Commentary: Conservation and preservation easements paramount to the Green Woods Charter School Proposal

Breaking News, Opinion April 12, 2011 0 Comments

Commentary: Conservation and preservation easements paramount to the Green Woods Charter School Proposal

By Jean M. Wallace, CEO, Green Woods Charter School

The Greylock mansion lawn as it appears now.

Have you ever been house hunting and walked into a home and immediately said to yourself, “This is it!”?  The house might need a great deal of work, but what you visualize as the end result is amazing. In the case of Green Woods Charter School’s proposed plans for moving into the Greylock mansion, we believe our plans are, indeed, amazing.

We have thought long and hard about how to combine our school’s environmental mission with the restoration of this beautiful historic mansion and its 6.7-acre site adjacent to the Wissahickon Park. While others who looked at the site may have found the current easements held by the Chestnut Hill Historical Society to be too restrictive, Green Woods has embraced the spirit of these easements.

We do not see them as obstacles to be overcome, but rather as opportunities to enhance this property while supporting best practices in education, conservation and preservation. With thoughtful design based on sound science, we believe we can meet and even exceed the intent of these easements. From the onset, it has been our goal to create a positive and lasting impact on this historic building, the Wissahickon Watershed and our Chestnut Hill community.

Certainly, we realized from the beginning that restoring and repurposing the mansion and property posed some difficult challenges relating to the preservation of the 1909 building and the management of storm-water runoff and traffic.

Just recently, while I was walking the property, it occurred to me how much the science of watershed management has changed in a century. For example, by replacing the impervious surfaces of the driveway and parking areas with porous materials, we can allow rainwater to remain on the property (where it belongs) instead of piping it underground through a series of conduits and forcing it directly into a tributary of the Wissahickon.

The lawn after construction will include a pond to manage storm water runoff, but the "skyline" will remain the same.

Also, while the current easements may insist on preserving the view of the expansive lawn, the scientific reality is that a lawn is much like asphalt in its negative impact on the watershed. Damage caused by runoff has a profound and negative influence on aquatic life, our own drinking water and everyone downstream. To manage this storm water runoff, we have proposed installing rooftop gardens, wetlands, a meadow, and even a retention pond at the base of the hill that will not only visually enhance the view for near neighbors but also create habitat for wildlife.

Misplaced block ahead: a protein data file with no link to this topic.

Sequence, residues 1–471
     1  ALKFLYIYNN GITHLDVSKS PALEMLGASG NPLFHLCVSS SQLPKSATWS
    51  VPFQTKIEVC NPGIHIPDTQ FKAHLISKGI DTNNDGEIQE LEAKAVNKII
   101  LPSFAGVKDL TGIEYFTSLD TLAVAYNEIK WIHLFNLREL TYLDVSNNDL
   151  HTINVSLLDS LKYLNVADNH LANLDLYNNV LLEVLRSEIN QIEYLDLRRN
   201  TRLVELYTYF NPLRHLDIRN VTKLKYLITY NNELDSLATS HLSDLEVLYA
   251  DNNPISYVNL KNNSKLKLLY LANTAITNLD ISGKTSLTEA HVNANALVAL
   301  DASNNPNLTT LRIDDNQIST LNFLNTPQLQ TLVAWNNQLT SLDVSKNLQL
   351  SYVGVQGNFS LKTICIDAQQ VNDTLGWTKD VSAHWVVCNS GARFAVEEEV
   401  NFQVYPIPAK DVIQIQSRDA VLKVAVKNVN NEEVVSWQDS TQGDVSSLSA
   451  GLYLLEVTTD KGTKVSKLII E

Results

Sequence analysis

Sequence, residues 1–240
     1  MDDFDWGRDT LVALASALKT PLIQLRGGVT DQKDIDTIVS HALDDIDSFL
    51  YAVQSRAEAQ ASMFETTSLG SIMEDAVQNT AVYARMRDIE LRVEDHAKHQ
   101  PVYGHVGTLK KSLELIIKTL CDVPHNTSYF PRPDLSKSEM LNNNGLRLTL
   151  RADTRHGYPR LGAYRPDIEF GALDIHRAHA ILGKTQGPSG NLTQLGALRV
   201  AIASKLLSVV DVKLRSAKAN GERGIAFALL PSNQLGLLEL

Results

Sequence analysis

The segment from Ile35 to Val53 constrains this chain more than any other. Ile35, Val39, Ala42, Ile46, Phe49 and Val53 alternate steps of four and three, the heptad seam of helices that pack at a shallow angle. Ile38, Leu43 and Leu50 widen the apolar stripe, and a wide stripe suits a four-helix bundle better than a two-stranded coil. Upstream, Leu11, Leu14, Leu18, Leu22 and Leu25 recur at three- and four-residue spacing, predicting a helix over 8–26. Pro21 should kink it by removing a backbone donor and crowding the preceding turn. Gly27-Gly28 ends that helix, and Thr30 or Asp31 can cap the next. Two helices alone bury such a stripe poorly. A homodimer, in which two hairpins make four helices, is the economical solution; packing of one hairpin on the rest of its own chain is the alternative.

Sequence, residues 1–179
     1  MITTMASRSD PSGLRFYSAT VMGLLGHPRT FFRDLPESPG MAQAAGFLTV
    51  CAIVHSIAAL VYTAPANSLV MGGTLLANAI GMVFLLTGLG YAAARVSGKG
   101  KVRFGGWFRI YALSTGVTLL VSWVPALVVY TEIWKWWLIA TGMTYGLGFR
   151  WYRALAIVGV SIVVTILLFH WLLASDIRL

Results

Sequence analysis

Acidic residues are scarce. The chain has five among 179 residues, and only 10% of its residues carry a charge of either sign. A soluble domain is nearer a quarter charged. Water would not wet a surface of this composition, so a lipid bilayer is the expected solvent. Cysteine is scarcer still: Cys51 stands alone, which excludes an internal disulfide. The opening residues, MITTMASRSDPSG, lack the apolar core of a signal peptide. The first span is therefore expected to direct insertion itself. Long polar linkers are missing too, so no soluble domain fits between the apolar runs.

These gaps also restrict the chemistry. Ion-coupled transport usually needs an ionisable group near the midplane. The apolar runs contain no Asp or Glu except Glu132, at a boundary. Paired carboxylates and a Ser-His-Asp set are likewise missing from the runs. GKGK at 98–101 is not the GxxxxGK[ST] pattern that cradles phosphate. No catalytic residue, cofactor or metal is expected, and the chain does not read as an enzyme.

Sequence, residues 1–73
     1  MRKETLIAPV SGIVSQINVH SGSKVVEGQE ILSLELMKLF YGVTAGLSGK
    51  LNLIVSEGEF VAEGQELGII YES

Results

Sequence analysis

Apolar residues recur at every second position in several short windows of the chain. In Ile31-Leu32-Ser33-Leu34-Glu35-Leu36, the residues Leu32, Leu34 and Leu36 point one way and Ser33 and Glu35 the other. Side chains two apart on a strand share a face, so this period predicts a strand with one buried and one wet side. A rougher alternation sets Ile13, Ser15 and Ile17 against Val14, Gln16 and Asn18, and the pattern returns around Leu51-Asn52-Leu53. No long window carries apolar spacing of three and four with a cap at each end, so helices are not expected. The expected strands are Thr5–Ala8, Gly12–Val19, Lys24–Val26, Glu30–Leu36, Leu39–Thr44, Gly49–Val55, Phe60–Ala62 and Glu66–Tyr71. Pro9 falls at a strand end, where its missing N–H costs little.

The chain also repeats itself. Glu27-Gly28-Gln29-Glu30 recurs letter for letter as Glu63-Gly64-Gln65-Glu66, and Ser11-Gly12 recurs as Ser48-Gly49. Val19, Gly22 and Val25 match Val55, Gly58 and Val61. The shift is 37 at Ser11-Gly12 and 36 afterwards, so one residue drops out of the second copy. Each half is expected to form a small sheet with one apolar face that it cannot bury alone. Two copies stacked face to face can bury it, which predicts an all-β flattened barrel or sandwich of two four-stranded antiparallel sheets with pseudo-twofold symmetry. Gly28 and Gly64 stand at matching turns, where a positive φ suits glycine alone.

The easements on the mansion itself call for maintaining the façade and its view from the street.  Giving careful thought to this, our proposed design tucks some additional classrooms into the hill and behind tall evergreen trees. Other additional classrooms designed by our architect will be constructed behind the mansion and will be topped with green roofs, allowing for rainwater to be collected and absorbed.  The view of the property from the street will be enhanced, not diminished.

Along with our focus on conservation and preservation, we have always considered the traffic situation. Wanting to be good neighbors, we immediately turned to our experts to address the traffic flow, specifically during our 20-minute arrival and dismissal times.  Our architect, Joe Jancuska, and our Traffic Engineering firm, Stantec, have put together some interesting options that we look forward to sharing with the community. Currently, approximately 70 percent of our students arrive to school by bus, a percentage we intend to maintain.  The use of school buses minimizes individual car trips, benefiting both traffic flow and the environment. Significantly, all drop-off and pickup activity will occur behind the mansion.  Buses will not idle or load or unload on the street, as is often the case with other schools.

In the near future, we will hold an open house in the community where we will invite everyone to come and see our exciting plans. (Please watch our website—www.greenwoodscharter.org— for a date/time/location.) We want to show everyone our true vision for enhancing the site. It is important to us that the community knows we have given careful thought and consideration to our neighbors and the stewardship of Greylock. We do practice what we teach!

Finally, we couldn’t be more pleased by the overwhelming, positive response to our desire to move to Chestnut Hill. Thank you! With support and signatures from over 425 neighbors and near neighbors, we appreciate that others can see what we envision for this site.  In our ongoing conversations with so many people, clearly they believe that the time and effort we will take to restore the property will be worth it and that the end result will, in fact, be truly amazing.

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